Sens. Sherrod BrownSherrod Campbell BrownHillicon Valley: Senators raise concerns over government surveillance of protests | Amazon pauses police use of its facial recognition tech | FBI warns hackers are targeting mobile banking apps Democratic senators raise concerns over government surveillance of protests Some realistic solutions for income inequality MORE (D-Ohio) and Bob CaseyRobert (Bob) Patrick Casey21 senators urge Pentagon against military use to curb nationwide protests Overnight Health Care: Trump says US ‘terminating’ relationship with WHO | Cuomo: NYC on track to start reopening week of June 8 | COVID-19 workplace complaints surge 10 things to know today about coronavirus MORE (D-Pa.) tied for the second-highest totals among vulnerable Democratic members, both raising $2.6 million. Brown now has $6.7 million in the bank, while Casey has $5.5 million.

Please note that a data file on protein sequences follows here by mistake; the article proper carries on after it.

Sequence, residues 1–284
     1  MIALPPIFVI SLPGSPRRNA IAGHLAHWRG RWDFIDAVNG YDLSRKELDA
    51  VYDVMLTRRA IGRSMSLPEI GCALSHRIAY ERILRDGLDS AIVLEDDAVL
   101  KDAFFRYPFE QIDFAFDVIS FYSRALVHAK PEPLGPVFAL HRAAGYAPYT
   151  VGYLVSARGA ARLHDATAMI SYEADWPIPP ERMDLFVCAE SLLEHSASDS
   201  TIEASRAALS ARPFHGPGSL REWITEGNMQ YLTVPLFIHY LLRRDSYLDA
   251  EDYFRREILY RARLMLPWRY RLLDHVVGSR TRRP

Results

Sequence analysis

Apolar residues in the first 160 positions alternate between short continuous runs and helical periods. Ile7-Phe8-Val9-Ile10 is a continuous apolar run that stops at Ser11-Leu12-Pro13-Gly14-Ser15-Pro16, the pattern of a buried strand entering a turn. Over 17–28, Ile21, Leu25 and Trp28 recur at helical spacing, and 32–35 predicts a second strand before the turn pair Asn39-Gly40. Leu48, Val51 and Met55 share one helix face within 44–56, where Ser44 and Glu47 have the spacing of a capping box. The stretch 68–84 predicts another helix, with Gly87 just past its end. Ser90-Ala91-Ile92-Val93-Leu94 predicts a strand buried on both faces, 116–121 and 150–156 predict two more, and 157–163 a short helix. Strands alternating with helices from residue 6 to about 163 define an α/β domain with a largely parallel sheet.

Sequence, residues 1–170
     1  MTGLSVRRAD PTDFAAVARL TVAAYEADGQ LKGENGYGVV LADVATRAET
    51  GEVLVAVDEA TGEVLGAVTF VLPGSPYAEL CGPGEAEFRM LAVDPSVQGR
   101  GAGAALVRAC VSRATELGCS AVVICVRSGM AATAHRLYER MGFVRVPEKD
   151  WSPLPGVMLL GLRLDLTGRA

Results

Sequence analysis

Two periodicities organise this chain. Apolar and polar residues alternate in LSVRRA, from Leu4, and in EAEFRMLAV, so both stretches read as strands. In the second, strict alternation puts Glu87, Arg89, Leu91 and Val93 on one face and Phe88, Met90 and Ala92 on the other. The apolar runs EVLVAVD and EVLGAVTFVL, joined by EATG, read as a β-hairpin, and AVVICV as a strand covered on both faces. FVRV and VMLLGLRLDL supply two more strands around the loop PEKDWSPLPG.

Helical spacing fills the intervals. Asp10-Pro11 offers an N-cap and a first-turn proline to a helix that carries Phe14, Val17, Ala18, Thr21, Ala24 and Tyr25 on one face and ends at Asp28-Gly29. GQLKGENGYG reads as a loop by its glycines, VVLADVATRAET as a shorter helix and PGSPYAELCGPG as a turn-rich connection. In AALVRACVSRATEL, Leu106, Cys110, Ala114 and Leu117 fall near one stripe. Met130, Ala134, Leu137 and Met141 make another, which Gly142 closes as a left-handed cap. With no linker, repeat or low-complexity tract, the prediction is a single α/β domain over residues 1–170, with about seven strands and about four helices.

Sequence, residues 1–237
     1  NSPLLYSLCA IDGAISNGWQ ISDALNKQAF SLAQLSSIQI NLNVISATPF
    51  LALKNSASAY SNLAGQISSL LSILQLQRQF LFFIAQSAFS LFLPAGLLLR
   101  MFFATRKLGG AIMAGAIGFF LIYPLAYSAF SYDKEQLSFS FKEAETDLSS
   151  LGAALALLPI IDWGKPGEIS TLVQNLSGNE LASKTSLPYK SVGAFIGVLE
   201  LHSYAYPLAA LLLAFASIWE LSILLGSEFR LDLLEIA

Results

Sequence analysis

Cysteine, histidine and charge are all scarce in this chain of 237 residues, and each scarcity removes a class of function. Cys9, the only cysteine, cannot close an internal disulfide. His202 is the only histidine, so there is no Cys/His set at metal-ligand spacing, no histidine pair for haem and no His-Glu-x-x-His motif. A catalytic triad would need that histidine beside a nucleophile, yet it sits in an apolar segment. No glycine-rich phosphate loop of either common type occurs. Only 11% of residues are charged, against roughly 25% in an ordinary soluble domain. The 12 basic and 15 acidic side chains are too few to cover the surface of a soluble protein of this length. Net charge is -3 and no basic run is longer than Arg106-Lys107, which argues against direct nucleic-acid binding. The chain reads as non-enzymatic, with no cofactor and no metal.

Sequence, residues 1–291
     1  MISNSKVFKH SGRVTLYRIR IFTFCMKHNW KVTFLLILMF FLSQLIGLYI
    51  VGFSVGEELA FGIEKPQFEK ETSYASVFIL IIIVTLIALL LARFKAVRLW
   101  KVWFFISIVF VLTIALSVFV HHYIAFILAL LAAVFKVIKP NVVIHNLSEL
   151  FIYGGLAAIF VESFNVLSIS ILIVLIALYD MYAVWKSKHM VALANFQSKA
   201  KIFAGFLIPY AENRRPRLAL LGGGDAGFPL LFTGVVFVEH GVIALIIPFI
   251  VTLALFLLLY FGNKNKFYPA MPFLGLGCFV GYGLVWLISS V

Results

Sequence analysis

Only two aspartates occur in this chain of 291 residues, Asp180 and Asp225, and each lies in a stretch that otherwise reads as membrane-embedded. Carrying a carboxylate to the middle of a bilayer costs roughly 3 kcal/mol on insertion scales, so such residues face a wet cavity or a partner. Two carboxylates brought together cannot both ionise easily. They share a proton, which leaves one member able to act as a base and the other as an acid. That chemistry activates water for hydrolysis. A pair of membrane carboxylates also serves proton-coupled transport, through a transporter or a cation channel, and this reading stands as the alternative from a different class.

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Sen. Tammy BaldwinTammy Suzanne BaldwinBiden launches program to turn out LGBTQ vote We need a ‘9-1-1’ for mental health — we need ‘9-8-8’ Democrats introduce bill to rein in Trump’s power under Insurrection Act MORE (D-Wis.) isn’t far behind, with $2.5 million raised over the past three months and $3.9 million in the bank. Following her are Sens. Bill NelsonClarence (Bill) William NelsonNASA, SpaceX and the private-public partnership that caused the flight of the Crew Dragon Lobbying world The most expensive congressional races of the last decade MORE (D-Fla.) and Debbie StabenowDeborah (Debbie) Ann StabenowSheldon Whitehouse leads Democrats into battle against Trump judiciary Bill aims to help farmers sell carbon credits Senate Democrats pump brakes on new stimulus checks MORE (D-Mich.), who each raised $2.1 million. Nelson has $5.1 million on hand, while Stabenow has $5.8 million in the bank, according to the Detroit News.